Pongal is a South Indian breakfast recipe made from rice and dal, is a great way to start the day. You can pair it with sambar and chutney for a complete gastronomical experience.
Pongal is served as a bland mix of rice and lentils in a bowl. With a smooth porridge-like consistency, the Pongal is freshly made, served piping hot. It is best served with the topping of a tempering of cashews, curry leaves, pepper, and ghee.
It is a simple and easy dish is a popular breakfast dish from South India. It is not very far from Khichdi which is a rice and lentil porridge commonly cooked in the Northern part of India.
Pongal is often served as prasad which is considered as a offering to God in temples of India. It also has a cultural significance during the Pongal festival which falls in mid-January. It is the day when the sun transits into the sign of Capricorn. It is considered an auspicious day in Hindu Mythology across the Indian Subcontinent. It marks the beginning of a 6-month auspicious period called Uttarayana when the days become longer and warmer. It is the same time when winter crops are harvested in India. the freshly harvested crop is offered to God to express gratitude to God for a good harvest. Celebrations are held in the country with regional variations. In parts of Northern and Western India, it is celebrated as Makar Sankranti, in the East, it is called Bihu, and it is called Pedda Panduga in Andhra Pradesh, Sankranti in Karnataka and Thai Pongal in Tamil Nadu. Special dishes are cooked on this day by using the newly harvested grains.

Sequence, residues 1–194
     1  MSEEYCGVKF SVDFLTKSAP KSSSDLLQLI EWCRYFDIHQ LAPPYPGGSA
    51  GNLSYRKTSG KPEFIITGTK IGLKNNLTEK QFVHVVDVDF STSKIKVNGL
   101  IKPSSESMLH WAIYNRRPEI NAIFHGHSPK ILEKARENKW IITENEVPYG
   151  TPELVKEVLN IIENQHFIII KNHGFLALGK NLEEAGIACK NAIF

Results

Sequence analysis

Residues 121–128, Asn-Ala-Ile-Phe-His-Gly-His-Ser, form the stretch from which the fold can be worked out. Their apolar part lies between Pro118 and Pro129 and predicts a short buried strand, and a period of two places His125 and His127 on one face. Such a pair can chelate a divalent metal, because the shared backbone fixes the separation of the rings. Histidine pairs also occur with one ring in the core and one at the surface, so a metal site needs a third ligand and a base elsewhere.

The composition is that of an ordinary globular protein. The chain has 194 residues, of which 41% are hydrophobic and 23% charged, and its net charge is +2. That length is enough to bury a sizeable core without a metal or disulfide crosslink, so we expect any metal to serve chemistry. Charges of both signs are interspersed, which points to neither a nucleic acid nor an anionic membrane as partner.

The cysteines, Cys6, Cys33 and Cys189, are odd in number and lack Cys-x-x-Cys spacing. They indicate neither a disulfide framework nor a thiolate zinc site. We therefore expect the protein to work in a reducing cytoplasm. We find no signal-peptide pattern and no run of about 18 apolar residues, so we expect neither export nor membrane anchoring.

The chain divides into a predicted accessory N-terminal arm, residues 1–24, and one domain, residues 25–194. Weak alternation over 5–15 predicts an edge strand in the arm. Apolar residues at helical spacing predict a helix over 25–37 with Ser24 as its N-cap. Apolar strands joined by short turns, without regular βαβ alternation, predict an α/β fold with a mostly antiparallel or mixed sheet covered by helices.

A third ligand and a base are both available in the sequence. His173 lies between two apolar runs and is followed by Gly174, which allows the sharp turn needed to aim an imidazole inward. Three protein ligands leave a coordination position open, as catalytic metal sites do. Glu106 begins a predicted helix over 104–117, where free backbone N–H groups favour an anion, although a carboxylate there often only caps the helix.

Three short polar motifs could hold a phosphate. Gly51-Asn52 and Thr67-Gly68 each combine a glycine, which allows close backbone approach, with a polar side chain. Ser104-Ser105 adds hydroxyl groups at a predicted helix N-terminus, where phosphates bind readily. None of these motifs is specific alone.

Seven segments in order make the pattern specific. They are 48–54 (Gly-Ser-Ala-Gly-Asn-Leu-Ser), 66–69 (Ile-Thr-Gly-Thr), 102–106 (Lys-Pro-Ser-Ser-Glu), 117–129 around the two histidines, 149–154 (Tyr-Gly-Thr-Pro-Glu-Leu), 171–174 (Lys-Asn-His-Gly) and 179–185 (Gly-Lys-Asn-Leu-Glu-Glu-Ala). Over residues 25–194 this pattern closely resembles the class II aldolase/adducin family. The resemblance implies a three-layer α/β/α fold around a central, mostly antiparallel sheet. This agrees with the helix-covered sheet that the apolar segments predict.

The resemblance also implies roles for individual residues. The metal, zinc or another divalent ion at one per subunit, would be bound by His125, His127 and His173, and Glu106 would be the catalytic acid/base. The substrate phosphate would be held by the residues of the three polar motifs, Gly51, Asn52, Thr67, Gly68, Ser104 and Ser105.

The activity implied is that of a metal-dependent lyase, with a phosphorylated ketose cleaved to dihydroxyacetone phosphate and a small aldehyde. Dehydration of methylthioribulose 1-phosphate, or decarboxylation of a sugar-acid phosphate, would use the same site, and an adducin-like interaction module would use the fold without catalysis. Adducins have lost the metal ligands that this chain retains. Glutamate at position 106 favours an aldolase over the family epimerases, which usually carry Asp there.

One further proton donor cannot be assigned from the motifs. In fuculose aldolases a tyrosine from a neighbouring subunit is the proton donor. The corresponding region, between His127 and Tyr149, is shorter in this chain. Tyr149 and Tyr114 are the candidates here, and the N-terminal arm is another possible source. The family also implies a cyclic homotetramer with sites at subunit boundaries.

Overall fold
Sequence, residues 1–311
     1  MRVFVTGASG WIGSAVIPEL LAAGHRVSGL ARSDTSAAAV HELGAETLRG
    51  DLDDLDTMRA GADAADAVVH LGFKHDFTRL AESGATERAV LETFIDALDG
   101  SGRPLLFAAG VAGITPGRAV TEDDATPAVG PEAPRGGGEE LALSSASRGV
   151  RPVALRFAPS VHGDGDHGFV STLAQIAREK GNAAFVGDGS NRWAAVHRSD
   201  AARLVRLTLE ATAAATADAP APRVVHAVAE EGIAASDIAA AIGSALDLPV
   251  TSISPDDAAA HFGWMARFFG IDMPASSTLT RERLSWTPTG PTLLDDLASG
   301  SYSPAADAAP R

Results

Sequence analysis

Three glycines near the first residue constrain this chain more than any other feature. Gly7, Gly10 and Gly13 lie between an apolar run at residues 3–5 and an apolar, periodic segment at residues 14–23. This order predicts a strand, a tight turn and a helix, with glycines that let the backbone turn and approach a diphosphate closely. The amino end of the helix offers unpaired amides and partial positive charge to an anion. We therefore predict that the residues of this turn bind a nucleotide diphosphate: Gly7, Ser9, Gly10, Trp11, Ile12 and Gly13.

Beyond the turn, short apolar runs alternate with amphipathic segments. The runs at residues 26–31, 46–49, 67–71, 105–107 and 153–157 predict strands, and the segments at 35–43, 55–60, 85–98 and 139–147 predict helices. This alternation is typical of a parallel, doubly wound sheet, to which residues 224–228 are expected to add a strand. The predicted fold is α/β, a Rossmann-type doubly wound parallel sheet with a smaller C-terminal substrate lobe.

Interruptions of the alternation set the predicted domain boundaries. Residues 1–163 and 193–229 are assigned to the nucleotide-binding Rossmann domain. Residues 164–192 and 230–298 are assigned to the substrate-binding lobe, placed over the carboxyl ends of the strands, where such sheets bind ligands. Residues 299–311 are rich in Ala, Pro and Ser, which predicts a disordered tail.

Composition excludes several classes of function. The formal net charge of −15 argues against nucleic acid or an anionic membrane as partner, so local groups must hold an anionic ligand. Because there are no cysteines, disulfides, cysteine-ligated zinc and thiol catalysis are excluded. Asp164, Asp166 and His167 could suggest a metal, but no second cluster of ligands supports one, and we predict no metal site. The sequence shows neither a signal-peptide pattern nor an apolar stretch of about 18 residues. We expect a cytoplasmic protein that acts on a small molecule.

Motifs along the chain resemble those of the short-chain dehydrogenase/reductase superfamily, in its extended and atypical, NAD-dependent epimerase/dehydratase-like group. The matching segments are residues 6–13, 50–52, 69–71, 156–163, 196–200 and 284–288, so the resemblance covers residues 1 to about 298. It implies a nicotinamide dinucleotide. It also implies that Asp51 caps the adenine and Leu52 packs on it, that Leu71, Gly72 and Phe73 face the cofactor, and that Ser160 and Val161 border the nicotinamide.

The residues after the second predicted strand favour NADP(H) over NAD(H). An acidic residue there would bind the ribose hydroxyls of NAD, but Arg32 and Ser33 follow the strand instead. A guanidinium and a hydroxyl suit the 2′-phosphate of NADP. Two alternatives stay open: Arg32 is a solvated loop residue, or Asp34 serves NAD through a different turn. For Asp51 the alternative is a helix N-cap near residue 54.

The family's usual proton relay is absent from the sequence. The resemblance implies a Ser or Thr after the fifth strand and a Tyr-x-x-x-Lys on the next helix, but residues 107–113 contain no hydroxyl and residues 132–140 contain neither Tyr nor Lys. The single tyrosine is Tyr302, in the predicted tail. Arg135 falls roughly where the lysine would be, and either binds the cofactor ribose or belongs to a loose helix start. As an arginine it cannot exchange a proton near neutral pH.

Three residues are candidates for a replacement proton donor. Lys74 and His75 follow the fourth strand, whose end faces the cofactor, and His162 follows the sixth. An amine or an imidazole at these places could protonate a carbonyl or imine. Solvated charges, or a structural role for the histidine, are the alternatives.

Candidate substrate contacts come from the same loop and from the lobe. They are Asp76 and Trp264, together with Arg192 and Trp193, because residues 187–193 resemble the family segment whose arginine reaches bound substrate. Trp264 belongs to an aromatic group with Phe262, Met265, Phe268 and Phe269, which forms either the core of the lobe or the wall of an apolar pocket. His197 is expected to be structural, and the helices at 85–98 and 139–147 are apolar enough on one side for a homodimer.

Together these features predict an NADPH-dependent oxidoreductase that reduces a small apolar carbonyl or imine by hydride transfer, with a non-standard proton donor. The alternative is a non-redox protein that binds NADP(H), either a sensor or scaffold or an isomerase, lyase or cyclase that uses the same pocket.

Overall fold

In Tamil Nadu, Thai Pongal is a 4-day festival. The word Pongal means boiling over. Boiling over milk is considered auspicious and signifies prosperity. That’s why on the second day of Pongal, rice and milk are boiled in earthenware and is then allowed to overflow. Everyone shouts “Pongalo Pongal!” which means “May this rice boil over,” while praying for an abundance in harvest, fortune, and prosperity. Jaggery, cashews and roasted moong dal are added to the remnant milk and offered to God as parsad before serving it to the family members.
Preparing the spices